Financial information is also likely to include bills and receipts for airplane trips, hotels, housing payments, meals, cars, doctors’ visits and other expenses that Edwards and his handlers allegedly arranged for Hunter in order to conceal the affair in the midst of the presidential campaign.

In addition, the government could produce thousands of pages of correspondence involving Edwards, Mellon, Baron, Hunter, Edwards’ former aide Andrew Young and others allegedly involved in the case, said Robert J. Anello, a principal at Morvillo Abramowitz Grand Iason Anello & Bohrer PC.

Then too, prosecutors could also produce numerous FTC reports filed by the Edwards’ campaign in order to show the absence of the necessary disclosures of the expenditures, as well as video tapes or public statements Edwards made in which he first denied the affair, said Evan Barr, a partner at Steptoe & Johnson LLP.

“It stacks up in terms of volume,” Barr said. “Obviously that’s a considerable amount of material that can’t be digested in two weeks.”

Document production will only increase as the case nears trial, when so-called Jencks material — witnesses’ grand jury testimony — makes its way to defense attorneys, who will pore over it looking for statements that could be used to cast doubt on a witness’ motives or credibility.

Even so, the government would not be likely to turn over as many documents as it would for accounting fraud or securities fraud cases, which can end up producing millions of pages, experts said.

With so much evidence coming just from the government, the case could take anywhere from six to 18 months to actually make it to trial, depending largely on the temperament and timing of the judge who is eventually assigned to the case, lawyers said.

“As many documents as there will be in the case, I suspect the government is proceeding in good faith,” said Jeff Ifrah, founding partner of Ifrah PLLC.

Ifrah said he once had a case in Los Angeles in which the U.S. Securities and Exchange Commission produced a million documents. These had to be put in a warehouse, un-indexed, and then the judge in the case gave the defense team just two months to look over them.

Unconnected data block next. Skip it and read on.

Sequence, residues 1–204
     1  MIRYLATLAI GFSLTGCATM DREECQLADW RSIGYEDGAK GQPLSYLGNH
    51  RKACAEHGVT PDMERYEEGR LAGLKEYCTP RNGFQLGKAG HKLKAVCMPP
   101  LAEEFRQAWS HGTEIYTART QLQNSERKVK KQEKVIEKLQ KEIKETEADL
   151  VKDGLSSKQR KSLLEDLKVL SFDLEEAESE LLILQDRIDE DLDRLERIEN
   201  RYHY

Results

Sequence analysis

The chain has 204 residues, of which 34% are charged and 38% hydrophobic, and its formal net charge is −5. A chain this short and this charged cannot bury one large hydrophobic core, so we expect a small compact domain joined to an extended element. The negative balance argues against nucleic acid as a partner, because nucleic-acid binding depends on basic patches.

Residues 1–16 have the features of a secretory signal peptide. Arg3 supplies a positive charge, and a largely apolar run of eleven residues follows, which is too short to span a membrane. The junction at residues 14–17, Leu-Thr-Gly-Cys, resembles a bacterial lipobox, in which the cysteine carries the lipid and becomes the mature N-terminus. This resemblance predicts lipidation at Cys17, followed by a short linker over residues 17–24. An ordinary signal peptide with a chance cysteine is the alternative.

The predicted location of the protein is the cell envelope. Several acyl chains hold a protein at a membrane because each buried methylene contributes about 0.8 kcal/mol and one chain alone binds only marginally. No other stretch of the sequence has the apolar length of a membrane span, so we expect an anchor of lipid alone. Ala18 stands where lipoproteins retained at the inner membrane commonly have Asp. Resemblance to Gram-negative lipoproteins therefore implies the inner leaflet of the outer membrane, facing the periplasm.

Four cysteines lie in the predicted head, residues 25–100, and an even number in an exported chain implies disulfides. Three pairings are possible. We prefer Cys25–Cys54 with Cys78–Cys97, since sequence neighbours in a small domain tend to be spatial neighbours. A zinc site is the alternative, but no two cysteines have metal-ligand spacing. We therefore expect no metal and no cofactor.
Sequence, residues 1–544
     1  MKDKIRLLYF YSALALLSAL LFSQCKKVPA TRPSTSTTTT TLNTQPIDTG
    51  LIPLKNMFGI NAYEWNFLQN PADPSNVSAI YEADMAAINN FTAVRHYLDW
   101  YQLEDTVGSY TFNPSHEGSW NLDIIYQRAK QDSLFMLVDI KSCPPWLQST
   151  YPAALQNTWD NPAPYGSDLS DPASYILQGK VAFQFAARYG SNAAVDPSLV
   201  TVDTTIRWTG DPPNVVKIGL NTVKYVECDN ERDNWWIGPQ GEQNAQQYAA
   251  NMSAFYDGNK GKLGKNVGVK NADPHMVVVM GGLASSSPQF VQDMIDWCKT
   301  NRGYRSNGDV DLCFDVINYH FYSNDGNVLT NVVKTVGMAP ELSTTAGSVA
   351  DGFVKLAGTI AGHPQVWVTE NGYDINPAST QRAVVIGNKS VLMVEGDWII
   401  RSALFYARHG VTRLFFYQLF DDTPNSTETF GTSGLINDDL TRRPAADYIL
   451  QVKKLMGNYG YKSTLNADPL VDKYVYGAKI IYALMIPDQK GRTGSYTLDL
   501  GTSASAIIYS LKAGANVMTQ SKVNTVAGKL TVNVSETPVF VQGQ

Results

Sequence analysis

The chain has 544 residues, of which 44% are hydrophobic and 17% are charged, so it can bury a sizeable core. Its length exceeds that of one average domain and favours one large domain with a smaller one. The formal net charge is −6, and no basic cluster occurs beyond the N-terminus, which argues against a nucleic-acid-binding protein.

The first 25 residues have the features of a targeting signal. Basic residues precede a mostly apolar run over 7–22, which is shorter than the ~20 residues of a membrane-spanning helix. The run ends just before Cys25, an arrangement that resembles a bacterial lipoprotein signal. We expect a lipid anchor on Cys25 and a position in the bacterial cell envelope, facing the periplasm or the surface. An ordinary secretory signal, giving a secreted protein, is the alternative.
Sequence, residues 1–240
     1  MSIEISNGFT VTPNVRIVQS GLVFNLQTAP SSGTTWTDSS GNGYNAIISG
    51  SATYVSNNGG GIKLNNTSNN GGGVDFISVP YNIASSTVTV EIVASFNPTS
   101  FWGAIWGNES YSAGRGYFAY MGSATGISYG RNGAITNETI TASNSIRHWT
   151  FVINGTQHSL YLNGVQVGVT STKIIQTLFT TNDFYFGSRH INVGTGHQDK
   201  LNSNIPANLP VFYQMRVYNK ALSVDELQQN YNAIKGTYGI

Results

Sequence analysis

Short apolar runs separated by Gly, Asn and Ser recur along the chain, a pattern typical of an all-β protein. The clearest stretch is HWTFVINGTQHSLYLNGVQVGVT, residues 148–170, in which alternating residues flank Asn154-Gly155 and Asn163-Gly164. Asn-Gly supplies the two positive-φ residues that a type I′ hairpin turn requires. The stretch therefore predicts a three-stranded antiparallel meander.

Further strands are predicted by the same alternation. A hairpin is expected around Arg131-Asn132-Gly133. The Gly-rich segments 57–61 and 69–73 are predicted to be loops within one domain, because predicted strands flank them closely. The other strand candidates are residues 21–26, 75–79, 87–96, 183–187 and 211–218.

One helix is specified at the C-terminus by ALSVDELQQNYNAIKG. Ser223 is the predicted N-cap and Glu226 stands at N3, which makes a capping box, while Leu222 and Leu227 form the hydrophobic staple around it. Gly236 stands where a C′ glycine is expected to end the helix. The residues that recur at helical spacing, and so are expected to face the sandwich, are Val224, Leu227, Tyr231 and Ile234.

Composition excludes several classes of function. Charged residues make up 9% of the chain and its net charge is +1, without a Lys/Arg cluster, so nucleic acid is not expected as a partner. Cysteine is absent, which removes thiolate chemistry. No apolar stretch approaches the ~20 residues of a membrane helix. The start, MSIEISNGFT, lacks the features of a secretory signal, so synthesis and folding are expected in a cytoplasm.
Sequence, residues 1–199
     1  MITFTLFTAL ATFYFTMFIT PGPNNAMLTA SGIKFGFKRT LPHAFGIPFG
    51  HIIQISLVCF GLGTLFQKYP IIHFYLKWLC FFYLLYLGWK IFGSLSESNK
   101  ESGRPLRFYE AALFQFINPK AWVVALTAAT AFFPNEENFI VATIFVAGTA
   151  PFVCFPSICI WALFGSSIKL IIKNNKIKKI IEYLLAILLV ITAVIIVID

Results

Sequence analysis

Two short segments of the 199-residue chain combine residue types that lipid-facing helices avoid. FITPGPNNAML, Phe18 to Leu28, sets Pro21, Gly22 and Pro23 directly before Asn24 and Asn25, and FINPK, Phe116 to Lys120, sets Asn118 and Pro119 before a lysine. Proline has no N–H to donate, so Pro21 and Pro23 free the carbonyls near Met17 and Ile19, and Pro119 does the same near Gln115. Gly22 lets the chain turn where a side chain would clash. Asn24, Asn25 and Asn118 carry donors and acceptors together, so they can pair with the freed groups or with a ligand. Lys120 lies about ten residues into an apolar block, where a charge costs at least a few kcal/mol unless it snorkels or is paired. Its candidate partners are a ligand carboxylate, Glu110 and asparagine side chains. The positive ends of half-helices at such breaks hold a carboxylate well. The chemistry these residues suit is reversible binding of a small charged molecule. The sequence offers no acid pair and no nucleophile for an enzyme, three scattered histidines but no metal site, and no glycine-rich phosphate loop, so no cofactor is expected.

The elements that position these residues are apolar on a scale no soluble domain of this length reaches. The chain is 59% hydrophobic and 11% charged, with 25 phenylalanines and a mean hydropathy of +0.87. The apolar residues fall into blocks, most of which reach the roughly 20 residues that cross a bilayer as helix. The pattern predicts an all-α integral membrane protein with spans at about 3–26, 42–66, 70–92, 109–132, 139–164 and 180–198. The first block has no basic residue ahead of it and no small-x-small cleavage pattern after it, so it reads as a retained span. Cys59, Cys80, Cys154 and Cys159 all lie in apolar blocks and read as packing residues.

But that’s not standard, he said.

“The government doesn’t do document dumps or data dumps on defendants in a high-profile case like this,” Ifrah said. “They’re not going to want to get into allegations of discovery abuses.”

And in the Edwards case, prosecutors have already spent significant time honing their evidence down to the most relevant documents and testimony. They are likely to present Edwards’ attorneys with one to two banker’s boxes of key evidence that will help draw the chief outlines of their case, Ifrah said.

“Typically in high-profile cases you get a lot of discovery that you don’t really end up looking at. The government has to gather so much information from so many sources,” Ifrah said. “I suspect boxes and boxes of documents, after being indexed, are likely going to go untouched [by the defense].”

Edwards’ lead attorney, Gregory Craig of Skadden Arps Slate Meagher & Flom LLP, did not reply to a request for comment for this story.

A spokeswoman for the U.S. Department of Justice declined to comment.

The case is USA v. Johnny Reid Edwards, case number 1:11-cr-00161, in the U.S. District Court for the Middle District of North Carolina.

–Editing by Eydie Cubarrubia.